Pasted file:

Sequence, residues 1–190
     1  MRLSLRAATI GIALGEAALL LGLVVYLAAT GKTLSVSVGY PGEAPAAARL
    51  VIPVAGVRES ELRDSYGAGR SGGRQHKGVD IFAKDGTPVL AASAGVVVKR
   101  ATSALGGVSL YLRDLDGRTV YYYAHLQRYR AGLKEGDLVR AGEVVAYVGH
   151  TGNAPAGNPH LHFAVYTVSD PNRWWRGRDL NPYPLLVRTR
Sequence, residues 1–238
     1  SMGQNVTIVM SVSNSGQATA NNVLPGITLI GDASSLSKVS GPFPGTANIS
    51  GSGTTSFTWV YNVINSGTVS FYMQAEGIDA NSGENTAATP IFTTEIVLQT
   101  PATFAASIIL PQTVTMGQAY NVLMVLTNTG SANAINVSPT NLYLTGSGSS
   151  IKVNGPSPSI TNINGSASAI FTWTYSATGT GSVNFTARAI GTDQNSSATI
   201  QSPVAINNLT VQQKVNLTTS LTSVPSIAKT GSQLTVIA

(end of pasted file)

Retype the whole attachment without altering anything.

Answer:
Sequence, residues 1–190
     1  MRLSLRAATI GIALGEAALL LGLVVYLAAT GKTLSVSVGY PGEAPAAARL
    51  VIPVAGVRES ELRDSYGAGR SGGRQHKGVD IFAKDGTPVL AASAGVVVKR
   101  ATSALGGVSL YLRDLDGRTV YYYAHLQRYR AGLKEGDLVR AGEVVAYVGH
   151  TGNAPAGNPH LHFAVYTVSD PNRWWRGRDL NPYPLLVRTR
Sequence, residues 1–238
     1  SMGQNVTIVM SVSNSGQATA NNVLPGITLI GDASSLSKVS GPFPGTANIS
    51  GSGTTSFTWV YNVINSGTVS FYMQAEGIDA NSGENTAATP IFTTEIVLQT
   101  PATFAASIIL PQTVTMGQAY NVLMVLTNTG SANAINVSPT NLYLTGSGSS
   151  IKVNGPSPSI TNINGSASAI FTWTYSATGT GSVNFTARAI GTDQNSSATI
   201  QSPVAINNLT VQQKVNLTTS LTSVPSIAKT GSQLTVIA